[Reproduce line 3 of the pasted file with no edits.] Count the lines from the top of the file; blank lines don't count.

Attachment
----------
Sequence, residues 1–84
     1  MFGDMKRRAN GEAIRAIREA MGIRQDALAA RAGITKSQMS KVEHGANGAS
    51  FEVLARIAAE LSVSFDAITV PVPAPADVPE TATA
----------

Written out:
    51  FEVLARIAAE LSVSFDAITV PVPAPADVPE TATA